In all filmmaking, you’re intervening. I take responsibility for my intervention, and I always try to know why I’m intervening. I made both films in collaboration with a community of survivors of the genocide and the Indonesian human rights community, specifically as an intervention against the power of the perpetrators, the thugs and the military, against impunity and against fear. My Indonesian collaborators saw me as their agent, not a foreign filmmaker coming to expose the terrible situation to foreign audiences. And I saw myself as holding up a mirror to Indonesian society, and to all of us.
Both films’ central dramas emerge as a direct consequence of the filmmaking process. If I were a fly on the wall, Adi would not be meeting the perpetrators that I filmed in the years leading up to the production of . It is inevitable that I am in both films (albeit as a voice behind the camera, a presence, a moral point of view), because I am the catalyst for the process that generates the central dramas. But the film’s narrative is not the story of how I made the film, for example how I met Adi, and how we worked together, because in that case I would be the protagonist. I take a journey with the characters, but I’m not the main character on that journey.
The process has changed me in every way. It has taught me that when we confront the most painful and frightening aspects of our reality, the world becomes less frightening – because at least you stop running away. A calmness sets in. A resolve. It has also taught me to forgive any human being who can truly acknowledge their mistakes, and thereby separate their humanity from their crimes. None of the perpetrators in my films are able to do this, but our humanity depends on always being willing to forgive. I have learned, therefore, that it is never the task of the artist to condemn other human beings. It is, on the contrary, always our duty to try to understand people. Of course I condemn what Anwar and the other perpetrators did, but I refuse myself the arrogance of condemning them as monsters because they’ve done something monstrous.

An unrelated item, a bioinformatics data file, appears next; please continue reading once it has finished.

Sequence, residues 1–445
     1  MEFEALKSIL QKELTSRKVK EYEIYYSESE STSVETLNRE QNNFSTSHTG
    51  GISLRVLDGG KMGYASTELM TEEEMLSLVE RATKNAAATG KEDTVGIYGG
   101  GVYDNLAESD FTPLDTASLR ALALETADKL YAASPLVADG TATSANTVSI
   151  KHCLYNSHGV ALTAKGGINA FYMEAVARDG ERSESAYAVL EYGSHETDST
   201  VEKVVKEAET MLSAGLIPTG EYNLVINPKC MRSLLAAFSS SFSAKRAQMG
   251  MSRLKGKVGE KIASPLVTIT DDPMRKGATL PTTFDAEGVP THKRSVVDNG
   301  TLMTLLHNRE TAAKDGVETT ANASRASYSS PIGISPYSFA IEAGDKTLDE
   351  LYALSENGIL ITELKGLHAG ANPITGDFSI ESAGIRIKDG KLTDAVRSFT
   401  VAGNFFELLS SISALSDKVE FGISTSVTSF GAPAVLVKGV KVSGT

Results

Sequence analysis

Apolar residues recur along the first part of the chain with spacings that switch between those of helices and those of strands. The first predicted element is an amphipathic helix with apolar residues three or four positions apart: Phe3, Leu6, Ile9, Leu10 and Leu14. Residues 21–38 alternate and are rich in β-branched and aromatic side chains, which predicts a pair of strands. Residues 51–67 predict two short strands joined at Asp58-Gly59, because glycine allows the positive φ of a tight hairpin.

I’ve learned that filmmaking for me is a life journey. Having the commitment to take a journey with people whose dilemmas profoundly interest me and go to places that seem utterly frightening and magical is the core of what I do.
I’ve also learned that there are no rules except the ones that we make and discover ourselves, and no limits to how wild a film can be •
The Look of Silence, screening in Berlinale Special, is produced by Signe Byrge Sørensen for Final Cut for Real.
Born in 1974, USA. Based in Copenhagen. Artistic director of the International Centre for Documentary and Experimental Film, University of Westminster. Has worked for over a decade with militias, death squads and their victims to explore the relationship between political violence and the public imagination. The Act of Killing (2012) was Oscar-nominated for Best Documentary. The Look of Silence (2014) won the Grand Jury Prize at Venice Film Festival.
Producer at Final Cut for Real. Films include Joshua Oppenheimer’s diptych The Look of Silence (2014) and The Act of Killing (2012), The Human Scale (Andreas Møl Dalsgaard, 2012), Cathedrals of Culture: Halden Prison (Michael Madsen, 2014).